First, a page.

Here is a map of our journey along the Singapore River.
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Tuesday, March 22, 2011
The Anderson Bridge was finished in 1910, and was named after the Governor of the Straits Settlements, Sir John Anderson. It was built to replace the usually overcrowded Cavenagh Bridge that is just further upstream. Because of increase in trade in the late 1800s and early 1900s, Cavenagh Bridge could not take the heavy traffic coming in, and thus, the new bridge was made years later. During the Japanese Occupation of Singapore, severed heads of criminals were strung on poles and placed on the bridge for all to see, so as to discourage people from committing crimes.
Picture: A picturesque view of the River taken from Anderson Bridge.
Posted by Zhi Chao at 4:14 AM
This was the site where Sir Stamford Raffles, the founder of Singapore, was thought to have landed. This is located on the north bank of the Singapore River. A white marble statue of Raffles stands on this spot, though before this, the statue was made of bronze. However, the latter was moved to a site in the front of Victoria Concert Hall.
Picture: THE statue of Raffles found at Raffles Landing Site
Posted by Zhi Chao at 4:09 AM
Elgin Bridge links North Bridge Road and South Bridge Road. Its history is slightly unknown. It was named after Lord Elgin, the Governor General of India after it was constructed in 1929. But, the bridge had existed long before this. On the spot this bridge lay, in 1819, there was another bridge that had come before it. This bridge was the only bridge that linked the two banks of the Singapore River, and the bridge had no name, though many nicknamed it "Monkey Bridge" as it was very narrow and crossing it was difficult if there were people already on it.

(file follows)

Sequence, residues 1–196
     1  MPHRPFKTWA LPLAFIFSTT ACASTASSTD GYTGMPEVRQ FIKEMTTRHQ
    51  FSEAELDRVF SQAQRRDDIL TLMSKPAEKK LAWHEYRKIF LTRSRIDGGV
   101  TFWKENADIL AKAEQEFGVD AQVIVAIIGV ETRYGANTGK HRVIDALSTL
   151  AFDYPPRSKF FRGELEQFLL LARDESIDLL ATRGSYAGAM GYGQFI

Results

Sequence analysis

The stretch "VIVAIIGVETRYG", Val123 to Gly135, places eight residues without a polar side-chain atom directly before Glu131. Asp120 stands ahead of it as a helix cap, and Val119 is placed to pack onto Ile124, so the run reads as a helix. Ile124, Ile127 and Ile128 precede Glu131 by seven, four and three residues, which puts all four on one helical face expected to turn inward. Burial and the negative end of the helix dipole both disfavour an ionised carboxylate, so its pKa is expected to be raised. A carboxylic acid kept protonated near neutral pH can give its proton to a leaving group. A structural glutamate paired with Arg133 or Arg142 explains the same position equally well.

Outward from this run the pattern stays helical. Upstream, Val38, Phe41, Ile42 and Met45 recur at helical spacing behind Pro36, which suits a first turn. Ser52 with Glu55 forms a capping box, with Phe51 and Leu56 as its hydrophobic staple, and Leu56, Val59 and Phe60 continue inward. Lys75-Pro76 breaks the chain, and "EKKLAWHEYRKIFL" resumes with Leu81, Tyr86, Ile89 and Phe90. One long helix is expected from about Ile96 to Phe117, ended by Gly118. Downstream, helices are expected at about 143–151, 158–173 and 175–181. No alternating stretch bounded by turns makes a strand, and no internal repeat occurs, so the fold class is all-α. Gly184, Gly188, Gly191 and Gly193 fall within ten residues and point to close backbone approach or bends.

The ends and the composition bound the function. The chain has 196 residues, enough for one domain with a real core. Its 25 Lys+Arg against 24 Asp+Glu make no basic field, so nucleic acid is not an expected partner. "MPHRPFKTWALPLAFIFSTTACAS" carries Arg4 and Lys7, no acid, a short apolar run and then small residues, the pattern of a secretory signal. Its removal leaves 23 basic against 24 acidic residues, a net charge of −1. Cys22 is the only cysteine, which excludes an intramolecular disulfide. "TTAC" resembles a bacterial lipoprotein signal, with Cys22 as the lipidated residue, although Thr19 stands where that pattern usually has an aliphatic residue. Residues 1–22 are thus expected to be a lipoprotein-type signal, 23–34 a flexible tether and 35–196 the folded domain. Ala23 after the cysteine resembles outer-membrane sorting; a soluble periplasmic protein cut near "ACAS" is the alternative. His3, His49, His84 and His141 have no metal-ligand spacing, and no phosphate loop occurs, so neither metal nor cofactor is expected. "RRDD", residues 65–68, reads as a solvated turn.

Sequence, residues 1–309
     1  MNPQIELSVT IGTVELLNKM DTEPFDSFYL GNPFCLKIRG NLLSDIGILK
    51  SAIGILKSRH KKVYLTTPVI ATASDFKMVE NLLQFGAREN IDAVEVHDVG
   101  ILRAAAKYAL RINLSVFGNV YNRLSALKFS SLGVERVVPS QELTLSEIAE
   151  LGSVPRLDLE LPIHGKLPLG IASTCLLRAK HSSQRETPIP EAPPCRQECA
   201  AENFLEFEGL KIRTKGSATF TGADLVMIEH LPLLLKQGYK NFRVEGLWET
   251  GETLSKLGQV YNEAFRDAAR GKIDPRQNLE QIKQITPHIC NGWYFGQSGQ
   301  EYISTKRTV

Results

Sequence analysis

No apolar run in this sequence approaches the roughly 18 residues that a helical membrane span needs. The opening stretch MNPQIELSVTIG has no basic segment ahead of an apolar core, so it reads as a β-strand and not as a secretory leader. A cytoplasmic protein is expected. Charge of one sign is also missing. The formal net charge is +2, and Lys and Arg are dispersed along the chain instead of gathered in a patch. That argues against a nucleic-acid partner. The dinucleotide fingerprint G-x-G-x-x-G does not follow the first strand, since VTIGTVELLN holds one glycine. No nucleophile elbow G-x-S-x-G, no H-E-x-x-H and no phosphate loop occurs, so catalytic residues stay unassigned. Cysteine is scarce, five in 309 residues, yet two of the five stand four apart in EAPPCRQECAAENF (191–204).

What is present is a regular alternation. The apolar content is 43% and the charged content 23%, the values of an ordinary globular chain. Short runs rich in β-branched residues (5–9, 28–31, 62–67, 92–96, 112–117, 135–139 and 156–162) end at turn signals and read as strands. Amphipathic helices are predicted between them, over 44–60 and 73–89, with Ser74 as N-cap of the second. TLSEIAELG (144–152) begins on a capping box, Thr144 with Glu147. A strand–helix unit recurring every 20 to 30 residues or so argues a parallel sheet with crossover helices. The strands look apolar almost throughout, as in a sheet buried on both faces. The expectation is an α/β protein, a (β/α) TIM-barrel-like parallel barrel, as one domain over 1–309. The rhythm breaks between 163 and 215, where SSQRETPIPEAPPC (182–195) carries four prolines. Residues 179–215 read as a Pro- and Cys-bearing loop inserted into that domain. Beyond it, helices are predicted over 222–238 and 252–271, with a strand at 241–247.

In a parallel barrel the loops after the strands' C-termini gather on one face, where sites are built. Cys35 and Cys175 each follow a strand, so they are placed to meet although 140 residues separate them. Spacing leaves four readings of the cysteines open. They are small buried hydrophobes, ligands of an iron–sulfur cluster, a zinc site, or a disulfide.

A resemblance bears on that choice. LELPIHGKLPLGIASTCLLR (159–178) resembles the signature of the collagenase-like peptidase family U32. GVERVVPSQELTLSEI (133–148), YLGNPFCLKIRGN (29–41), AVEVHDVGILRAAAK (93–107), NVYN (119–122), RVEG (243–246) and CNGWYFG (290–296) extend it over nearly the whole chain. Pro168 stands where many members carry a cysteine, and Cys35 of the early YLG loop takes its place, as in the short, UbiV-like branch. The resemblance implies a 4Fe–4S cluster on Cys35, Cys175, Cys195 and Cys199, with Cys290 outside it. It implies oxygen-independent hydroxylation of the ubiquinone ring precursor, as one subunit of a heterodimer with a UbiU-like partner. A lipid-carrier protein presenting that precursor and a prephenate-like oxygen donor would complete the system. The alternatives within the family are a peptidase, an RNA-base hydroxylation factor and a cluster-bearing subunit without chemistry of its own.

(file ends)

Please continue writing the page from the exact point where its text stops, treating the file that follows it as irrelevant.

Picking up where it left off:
Picture: Elgin Bridge from the bank along Singapore River
Posted by Zhi Chao at 4:00 AM
Named after its designer, George Coleman, this bridge links two banks of the Singapore River, as well as two roads, Hill Street, and New Bridge Road. Mr.Coleman was Singapore's very first architect(despite not being born in Singapore), and he was the Superintendent of Public Works then in Singapore. He designed the first version of the bridge and the bridge was made in 1840. It was referred to as the New Bridge by many, which led to the road south of the road being known as "New Bridge Road".
Picture: Plaque on Coleman Bridge
Posted by Zhi Chao at 3:46 AM